What tax changes could the election result bring about for rural businesses?

Alexandra Docherty

Alexandra Docherty

Partner and Head of Private Client Tax

This year the festive period has been commandeered by the politicians.  Not only do we have the usual tasks of pre-ordering the turkey and stocking up on the sherry, we also have to get to the polling booths tomorrow and cast our vote for the future.  After the election result on the 13 December, we will have the fallout to manage, along with a UK and Scottish budget to plan for in the New Year and finally our ‘exit’ from the EU on 31 January. There are certainly significant changes ahead for our tax system as we know it - so how can we plan in what is a time of flux, and what hints have we got from the Ghost of Christmas Yet To Come as to what these changes might be? 

By considering the party manifestos, we can begin to see the direction of travel.

In Scotland, as income tax has been devolved to the Scottish Parliament, regardless of what the manifestos say in terms of UK income tax rates, the Scottish rate of income tax continues to be the preserve of the Scottish government.  A report released recently by Holyrood’s finance committee shows that income tax rates raised in Scotland for 2017/18 are around £97m lower than what Scotland would have had under the previous system prior to devolution of these income raising powers.

This could well mean that the Scottish Finance Minister must further raise the Scottish rate of income tax, particularly if growth remains sluggish.

Taxes which Westminster continues to have control over, and where the party manifestos can shed light, include capital gains tax (CGT) and inheritance tax (IHT). 

The ex-head of HM Revenue & Customs announced recently that he believes that whichever party gets into power, they should do away with Entrepreneurs’ Relief. Entrepreneurs’ Relief is a CGT relief which allows a business to be sold at a 10% tax rate. If this relief were abolished, it would mean the tax charge on the sale of a farm business would be doubled overnight, on the assumption the existing 20% CGT rate remains unchanged. Of course, any new government could well increase CGT rates to be more in line with income tax rates; it was not that long ago that we had a top CGT rate of 40%. So, if you are considering a sale of your business, now may be an opportune time whilst these low tax rates exist, subject to other commercial factors being considered.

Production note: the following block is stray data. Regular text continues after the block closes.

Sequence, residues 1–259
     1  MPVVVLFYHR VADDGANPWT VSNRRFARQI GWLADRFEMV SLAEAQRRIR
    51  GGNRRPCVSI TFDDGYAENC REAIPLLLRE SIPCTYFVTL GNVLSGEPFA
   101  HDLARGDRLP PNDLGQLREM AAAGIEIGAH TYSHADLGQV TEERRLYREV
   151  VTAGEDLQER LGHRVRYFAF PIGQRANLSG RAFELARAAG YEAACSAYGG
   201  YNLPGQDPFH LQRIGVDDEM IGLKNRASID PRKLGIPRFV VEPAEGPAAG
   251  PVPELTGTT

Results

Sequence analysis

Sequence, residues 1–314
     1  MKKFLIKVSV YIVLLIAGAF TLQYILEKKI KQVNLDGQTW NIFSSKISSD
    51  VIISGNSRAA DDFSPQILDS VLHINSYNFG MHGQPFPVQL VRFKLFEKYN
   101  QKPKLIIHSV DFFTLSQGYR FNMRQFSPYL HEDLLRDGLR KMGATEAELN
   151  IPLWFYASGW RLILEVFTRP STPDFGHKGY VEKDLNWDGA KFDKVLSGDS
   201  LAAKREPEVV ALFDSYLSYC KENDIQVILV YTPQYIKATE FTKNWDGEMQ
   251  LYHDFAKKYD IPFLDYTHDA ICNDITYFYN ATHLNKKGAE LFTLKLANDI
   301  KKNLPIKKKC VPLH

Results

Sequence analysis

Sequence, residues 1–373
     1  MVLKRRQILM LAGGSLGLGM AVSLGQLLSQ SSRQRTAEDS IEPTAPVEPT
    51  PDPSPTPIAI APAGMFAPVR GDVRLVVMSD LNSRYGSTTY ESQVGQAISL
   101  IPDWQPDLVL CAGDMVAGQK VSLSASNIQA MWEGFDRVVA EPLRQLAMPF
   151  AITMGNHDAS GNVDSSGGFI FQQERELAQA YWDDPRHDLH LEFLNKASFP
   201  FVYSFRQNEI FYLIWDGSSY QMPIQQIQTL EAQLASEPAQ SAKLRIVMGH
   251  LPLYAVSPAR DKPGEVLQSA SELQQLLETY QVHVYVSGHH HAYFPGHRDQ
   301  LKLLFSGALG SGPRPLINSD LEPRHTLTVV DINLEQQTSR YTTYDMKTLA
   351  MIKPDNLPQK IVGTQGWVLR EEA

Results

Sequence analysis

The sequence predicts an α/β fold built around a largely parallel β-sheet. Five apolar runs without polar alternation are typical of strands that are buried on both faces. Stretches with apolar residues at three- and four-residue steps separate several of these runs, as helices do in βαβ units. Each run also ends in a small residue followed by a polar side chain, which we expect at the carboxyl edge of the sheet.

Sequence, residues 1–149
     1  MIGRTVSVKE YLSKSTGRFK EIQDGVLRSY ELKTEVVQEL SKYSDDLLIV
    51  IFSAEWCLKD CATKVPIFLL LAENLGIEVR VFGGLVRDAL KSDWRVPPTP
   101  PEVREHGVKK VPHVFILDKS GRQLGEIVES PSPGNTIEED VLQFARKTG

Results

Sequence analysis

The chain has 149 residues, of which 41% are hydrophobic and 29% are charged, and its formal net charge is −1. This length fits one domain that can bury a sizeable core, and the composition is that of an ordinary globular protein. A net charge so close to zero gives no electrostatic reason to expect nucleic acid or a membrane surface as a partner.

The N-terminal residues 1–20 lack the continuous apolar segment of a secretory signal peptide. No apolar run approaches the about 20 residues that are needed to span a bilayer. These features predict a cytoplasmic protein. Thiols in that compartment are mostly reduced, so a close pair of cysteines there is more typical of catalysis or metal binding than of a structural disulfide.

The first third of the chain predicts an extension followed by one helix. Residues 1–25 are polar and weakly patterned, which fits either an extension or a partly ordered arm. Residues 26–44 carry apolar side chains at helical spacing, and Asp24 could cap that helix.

With regard to IHT, Labour have said they would scrap the Residence Nil Rate Band. This provides an additional nil rate band of up to £150,000 per individual (£300,000 for a married couple) which can be set against the value of your house if it passes to your children or grandchildren. Labour have also published a report discussing the idea of replacing IHT with a lifetime gift allowance. Instead of paying up to 40% on the value of the estate on death, Labour want to tax annually any gifts made to someone in excess of £125,000, at income tax rates. 

The Conservatives’ manifesto is silent on changes to IHT, however we do have the Office of Tax Simplification’s IHT review, released back in July. This body is independent of government and was asked by the previous Chancellor Phillip Hammond to review the tax.  The Office of Tax Simplification came up with several recommendations for government consideration. One which could have the most significant impact for rural businesses is the request that government consider revising the test that applies for business property relief to be available. Business property relief is a very valuable IHT relief and can see the value of a business reduced to nil when it comes to determining the value of the estate for IHT purposes. Any change to make this relief more difficult to obtain would have a significant impact on diversified rural businesses, and would likely require them to restructure to retain the relief.

As many rural businesses diversify, it is important that owners keep in mind the business property relief test, which is referred to in legislation as a ‘wholly or mainly’ test.  To date this has been interpreted as meaning that as long as more than 50% of the businesses’ activities are non-investment, then the relief is available.  The Office of Tax Simplification suggests this be aligned in future with the CGT test which applies for reliefs such as Entrepreneurs’ Relief and holdover relief.  The CGT test is more stringent, being an 80% trading test.  If the UK Government decided to implement this recommendation in the future, then it could see a number of rural businesses no longer qualifying for the relief and the business requiring to be restructured.

In summary, change is afoot. We recommend you review your business at this time, determine the tax reliefs currently available, and consider what the position would look like if the tax landscape changed.  From that basis, thought can then be given as to how best to protect assets for the future and an action plan put in place that works for your circumstances. Our specialist tax team are here to help, so don’t hesitate to get in touch.